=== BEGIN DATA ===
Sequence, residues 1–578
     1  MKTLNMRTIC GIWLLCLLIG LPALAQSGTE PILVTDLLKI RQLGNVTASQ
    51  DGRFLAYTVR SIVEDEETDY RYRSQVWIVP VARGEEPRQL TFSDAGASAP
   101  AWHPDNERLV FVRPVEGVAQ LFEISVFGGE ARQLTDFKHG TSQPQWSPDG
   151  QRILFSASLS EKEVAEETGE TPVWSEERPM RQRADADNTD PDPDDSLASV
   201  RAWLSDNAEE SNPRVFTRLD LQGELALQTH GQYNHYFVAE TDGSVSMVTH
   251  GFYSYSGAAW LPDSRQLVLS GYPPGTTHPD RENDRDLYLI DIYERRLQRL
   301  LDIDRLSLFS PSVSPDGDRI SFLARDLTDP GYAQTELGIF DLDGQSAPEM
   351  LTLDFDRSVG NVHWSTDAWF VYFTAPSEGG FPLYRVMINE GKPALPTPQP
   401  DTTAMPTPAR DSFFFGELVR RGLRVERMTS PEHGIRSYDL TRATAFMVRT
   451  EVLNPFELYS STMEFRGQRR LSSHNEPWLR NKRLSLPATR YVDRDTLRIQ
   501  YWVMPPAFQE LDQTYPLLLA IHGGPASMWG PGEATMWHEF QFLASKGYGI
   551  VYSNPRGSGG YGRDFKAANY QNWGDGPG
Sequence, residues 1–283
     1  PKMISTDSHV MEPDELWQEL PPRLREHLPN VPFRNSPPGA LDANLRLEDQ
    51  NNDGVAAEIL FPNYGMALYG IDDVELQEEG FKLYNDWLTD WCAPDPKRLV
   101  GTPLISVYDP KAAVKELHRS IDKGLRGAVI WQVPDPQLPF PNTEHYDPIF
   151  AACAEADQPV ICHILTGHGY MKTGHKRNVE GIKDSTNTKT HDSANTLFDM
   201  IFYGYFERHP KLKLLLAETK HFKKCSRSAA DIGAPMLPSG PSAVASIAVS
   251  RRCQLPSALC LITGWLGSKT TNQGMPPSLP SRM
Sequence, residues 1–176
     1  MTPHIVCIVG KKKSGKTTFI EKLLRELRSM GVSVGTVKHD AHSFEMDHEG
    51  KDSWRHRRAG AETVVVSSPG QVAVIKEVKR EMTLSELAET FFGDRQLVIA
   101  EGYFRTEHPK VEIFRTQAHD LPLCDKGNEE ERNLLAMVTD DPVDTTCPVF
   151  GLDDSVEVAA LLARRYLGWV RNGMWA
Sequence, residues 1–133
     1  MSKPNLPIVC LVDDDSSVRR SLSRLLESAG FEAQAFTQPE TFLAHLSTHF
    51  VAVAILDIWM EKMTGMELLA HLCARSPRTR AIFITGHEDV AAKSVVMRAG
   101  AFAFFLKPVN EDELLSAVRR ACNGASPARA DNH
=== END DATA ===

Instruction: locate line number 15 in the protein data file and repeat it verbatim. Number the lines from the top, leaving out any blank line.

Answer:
     1  PKMISTDSHV MEPDELWQEL PPRLREHLPN VPFRNSPPGA LDANLRLEDQ